Ce livre est la transition parfaite entre la saga Harry Potter et la trilogie des Magiciens. [...] En plus de tout ça, on trouve, en vrac : des références culturelles géniales, l'utilisation de la technologie par les sorciers, une guerre inter-espèces, la lutte contre le sexisme, des super-héros discrets, quelques insultes bien envoyées [...] un roman one-shot à lire absolument pour tous ceux qui aiment la magie, les histoires de grands ados (les héros sont majeurs) et, ok, les histoires d'amour un peu.
To make sense of the world, we're always trying to place things in context, whether our environment is physical, cultural, or something else altogether. Now that we live among digital, always-networked products, apps, and places, context is more complicated than ever-starting with "where" and "who" we are.
This practical, insightful book provides a powerful toolset to help information architects, UX professionals, and web and app designers understand and solve the many challenges of contextual ambiguity in the products and services they create. You'll discover not only how to design for a given context, but also how design participates in making context.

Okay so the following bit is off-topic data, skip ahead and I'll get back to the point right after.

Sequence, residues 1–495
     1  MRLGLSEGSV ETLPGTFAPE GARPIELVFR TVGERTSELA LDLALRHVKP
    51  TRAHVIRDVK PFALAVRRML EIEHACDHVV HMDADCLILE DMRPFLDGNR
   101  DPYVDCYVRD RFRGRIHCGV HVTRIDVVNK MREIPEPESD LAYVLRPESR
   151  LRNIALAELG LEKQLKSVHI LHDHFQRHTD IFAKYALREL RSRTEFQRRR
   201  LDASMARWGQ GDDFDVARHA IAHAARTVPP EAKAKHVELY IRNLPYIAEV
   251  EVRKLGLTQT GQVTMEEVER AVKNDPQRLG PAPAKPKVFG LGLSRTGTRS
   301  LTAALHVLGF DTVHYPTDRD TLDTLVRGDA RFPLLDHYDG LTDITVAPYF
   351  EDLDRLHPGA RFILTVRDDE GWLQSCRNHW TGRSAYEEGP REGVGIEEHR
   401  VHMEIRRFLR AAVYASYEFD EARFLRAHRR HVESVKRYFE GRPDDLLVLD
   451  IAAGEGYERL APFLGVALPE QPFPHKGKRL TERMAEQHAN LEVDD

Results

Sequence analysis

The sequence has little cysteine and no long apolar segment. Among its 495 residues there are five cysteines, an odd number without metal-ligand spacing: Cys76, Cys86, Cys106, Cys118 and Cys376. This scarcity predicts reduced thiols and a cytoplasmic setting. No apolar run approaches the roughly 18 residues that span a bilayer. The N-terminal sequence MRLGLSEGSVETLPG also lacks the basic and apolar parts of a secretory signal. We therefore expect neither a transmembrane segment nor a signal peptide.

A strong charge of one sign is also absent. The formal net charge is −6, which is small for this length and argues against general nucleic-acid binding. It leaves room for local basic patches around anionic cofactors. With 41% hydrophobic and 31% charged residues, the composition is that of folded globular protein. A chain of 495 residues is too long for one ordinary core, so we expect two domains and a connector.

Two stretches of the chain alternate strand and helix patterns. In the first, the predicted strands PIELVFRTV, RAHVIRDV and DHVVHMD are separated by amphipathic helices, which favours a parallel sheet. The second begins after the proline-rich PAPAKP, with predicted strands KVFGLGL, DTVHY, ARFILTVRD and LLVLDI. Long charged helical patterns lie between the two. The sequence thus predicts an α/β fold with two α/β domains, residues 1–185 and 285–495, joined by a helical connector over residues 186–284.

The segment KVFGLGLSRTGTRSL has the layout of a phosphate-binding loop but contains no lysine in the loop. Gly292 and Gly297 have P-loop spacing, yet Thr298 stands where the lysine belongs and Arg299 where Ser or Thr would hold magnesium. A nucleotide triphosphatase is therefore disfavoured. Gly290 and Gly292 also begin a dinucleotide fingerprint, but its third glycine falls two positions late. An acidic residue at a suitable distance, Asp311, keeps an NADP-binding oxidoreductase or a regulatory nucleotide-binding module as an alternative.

- Learn how people perceive context when touching and navigating digital environments
- See how labels, relationships, and rules work as building blocks for context
- Find out how to make better sense of cross-channel, multi-device products or services
- Discover how language creates infrastructure in organizations, software, and the Internet of Things
- Learn models for figuring out the contextual angles of any user experience
Andrew Hinton is an Information Architect at The Understanding Group (TUG). Since the early 90s, he's been helping clients and employers of all shapes and sizes make better information environments. Andrew is co-founder and past board member of the IA Institute, and is a frequent speaker at UX conferences. You can find links to Andrew-related things at andrewhinton.com. Learn more about his book, Understanding Context, at contextbook.com